Aetna (And Basically Every Old Insurance Company) Sold Slave Policies
As much as we all hate insurance companies like Aetna, they do provide a certain peace of mind. In theory, they protect us from financial ruin following disasters like house fires, medical emergencies, or when your sex dungeon floods (with water, hopefully). Insurance protects customers' most valuable assets and property. And back in America's early days, that meant many insurance companies profited by insuring human property, i.e. enslaved people.
Slaveowners would take out policies on their slaves should they happen to die or somehow be murdered for no reason and without repercussion. For example, in 1781, a slaver ship headed for Jamaica called the Zong had a disease outbreak, and many of the prisoners got sick. Insurance didn't cover slaves dying from illness, and sick slaves didn't tend to sell so well, but insurance did cover drowning. So to save money, the crew threw 132 people overboard to their deaths, most of them chained together so they couldn't keep afloat. As soon as the ship hit the shore, the crew filed an insurance claim on their "lost product." The only reason the insurance company wasn't forced to pay was that they won an appeal claiming you can't intentionally kill the very things you insured. This was after the jury in the first case was like, "No, it's totally cool to murder over a hundred people for insurance money."
Weirdly, as the example of the Zong demonstrates, insuring slaves wasn't actually lucrative for these companies. The assholes who took out such policies also tended to be the type of assholes who killed their own slaves. To make things worse, it's not like great records existed of which slave was which, so policyholders often cashed in when any of their slaves died, whether or not they were the specific person on the insurance form. But the practice still continued right up until the Civil War, with even longstanding insurance companies offering policies until as late as 1856. In 2002, a lawsuit was filed against Aetna, along with other companies, claiming they should pay reparations for their part in slavery. It was dismissed two years later.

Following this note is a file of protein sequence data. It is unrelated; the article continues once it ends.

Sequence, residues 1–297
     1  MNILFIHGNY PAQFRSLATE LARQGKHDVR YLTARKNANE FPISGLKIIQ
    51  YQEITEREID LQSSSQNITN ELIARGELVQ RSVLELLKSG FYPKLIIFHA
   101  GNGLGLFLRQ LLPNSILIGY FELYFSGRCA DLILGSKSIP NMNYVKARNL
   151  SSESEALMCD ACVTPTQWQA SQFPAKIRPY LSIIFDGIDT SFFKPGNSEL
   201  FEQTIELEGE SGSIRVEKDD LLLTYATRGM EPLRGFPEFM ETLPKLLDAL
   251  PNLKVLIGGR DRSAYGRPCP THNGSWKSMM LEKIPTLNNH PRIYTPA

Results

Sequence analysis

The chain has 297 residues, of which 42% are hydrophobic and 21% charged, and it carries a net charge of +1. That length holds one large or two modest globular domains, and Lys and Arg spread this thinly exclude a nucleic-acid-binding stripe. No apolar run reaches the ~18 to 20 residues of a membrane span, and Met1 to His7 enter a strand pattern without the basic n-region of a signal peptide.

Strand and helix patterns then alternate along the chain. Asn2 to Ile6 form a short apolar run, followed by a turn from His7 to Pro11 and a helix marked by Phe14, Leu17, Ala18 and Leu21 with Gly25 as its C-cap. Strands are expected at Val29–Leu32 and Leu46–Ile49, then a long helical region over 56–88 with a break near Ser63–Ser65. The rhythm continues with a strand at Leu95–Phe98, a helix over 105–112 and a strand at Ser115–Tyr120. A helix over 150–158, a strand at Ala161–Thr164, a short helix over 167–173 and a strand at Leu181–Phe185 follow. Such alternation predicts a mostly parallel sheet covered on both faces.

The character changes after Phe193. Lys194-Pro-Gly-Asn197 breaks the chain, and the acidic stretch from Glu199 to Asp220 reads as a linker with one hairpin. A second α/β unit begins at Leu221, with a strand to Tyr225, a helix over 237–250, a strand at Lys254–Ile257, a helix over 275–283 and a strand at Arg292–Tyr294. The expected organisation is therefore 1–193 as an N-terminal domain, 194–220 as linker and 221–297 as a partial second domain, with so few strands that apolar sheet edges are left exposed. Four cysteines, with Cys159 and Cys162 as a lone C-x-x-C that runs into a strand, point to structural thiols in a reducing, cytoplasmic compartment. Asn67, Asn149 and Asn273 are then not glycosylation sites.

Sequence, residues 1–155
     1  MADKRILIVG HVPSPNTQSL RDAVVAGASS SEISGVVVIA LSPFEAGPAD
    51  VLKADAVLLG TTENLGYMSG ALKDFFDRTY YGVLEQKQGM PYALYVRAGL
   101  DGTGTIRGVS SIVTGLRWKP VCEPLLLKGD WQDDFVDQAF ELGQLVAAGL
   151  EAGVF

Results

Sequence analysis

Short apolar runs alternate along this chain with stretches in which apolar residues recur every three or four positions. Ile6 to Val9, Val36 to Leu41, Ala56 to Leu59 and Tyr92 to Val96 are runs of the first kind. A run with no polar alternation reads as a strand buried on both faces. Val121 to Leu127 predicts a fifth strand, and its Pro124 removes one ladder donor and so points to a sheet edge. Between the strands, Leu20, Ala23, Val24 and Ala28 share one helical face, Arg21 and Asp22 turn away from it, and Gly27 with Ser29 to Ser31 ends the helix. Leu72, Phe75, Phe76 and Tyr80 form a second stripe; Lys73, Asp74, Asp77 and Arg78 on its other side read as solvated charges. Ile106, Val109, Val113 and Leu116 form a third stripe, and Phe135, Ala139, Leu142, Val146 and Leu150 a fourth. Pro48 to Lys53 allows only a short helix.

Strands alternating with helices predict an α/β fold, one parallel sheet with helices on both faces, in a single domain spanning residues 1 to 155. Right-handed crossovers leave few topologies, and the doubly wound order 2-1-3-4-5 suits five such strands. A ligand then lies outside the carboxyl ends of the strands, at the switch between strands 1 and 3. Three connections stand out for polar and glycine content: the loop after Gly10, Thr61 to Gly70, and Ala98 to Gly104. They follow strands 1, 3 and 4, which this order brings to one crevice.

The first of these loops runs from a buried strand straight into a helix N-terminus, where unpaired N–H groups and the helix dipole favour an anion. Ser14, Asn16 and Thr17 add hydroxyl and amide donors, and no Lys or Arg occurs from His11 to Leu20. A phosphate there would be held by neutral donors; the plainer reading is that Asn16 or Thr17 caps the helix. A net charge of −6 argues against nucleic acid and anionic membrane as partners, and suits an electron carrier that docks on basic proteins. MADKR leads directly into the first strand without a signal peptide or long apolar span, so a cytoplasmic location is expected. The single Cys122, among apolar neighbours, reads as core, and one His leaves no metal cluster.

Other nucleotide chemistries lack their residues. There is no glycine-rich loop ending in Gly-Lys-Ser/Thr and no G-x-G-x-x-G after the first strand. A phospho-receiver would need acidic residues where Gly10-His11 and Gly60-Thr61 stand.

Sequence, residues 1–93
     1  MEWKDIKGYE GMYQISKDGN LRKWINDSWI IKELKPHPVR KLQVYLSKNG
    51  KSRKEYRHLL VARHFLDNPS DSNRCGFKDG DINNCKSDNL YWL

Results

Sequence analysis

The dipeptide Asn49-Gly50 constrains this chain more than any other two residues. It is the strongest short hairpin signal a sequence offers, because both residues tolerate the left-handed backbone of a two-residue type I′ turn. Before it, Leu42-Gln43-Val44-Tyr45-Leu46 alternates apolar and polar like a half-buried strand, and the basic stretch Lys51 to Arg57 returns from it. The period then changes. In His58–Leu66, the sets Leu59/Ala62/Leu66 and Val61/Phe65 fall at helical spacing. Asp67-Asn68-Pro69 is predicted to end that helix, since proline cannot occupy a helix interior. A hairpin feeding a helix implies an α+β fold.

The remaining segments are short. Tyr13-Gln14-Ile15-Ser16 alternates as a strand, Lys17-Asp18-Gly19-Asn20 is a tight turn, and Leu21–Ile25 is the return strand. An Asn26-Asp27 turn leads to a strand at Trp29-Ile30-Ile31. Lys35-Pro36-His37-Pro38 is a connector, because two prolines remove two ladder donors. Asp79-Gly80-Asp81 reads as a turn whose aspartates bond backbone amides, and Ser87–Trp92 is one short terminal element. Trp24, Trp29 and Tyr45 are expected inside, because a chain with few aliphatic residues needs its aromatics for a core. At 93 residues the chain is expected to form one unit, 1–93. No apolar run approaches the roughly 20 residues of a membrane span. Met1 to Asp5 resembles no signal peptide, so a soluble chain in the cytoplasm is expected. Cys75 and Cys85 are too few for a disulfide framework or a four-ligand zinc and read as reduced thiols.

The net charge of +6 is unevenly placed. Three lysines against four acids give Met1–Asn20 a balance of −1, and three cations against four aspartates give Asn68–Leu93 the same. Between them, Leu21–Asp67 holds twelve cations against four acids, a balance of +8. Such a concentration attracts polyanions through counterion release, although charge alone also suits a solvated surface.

Related: 5 Famous Companies With Unexpectedly Dark Origins
Planned Parenthood's Founder Practiced "Eugenic Feminism"
Whether you believe Planned Parenthood is A-OK or a front for Satan to lay claim to young people's genitals, they provide a lot of valuable services, like cancer screenings and stemming the spread of AIDS. From the beginning, the organization has been committed to ensuring people have more reproductive choices and options. At least, as long as they weren't, uh, feeble-minded morons.
See, as many good things as Planned Parenthood does now, it's founder, Margaret Sanger, conceived of it as a eugenicist project. Sanger wanted to utilize what she called "feminist eugenics" to help mothers (whom she called "natural eugenicists") wield abortion to control a child's potential traits. She primarily blamed poverty and unwantedness as the reason a kid might grow up to be morally or physically "defective," but apparently felt that treating people like a dog show breeder was an easier fix than solving poverty.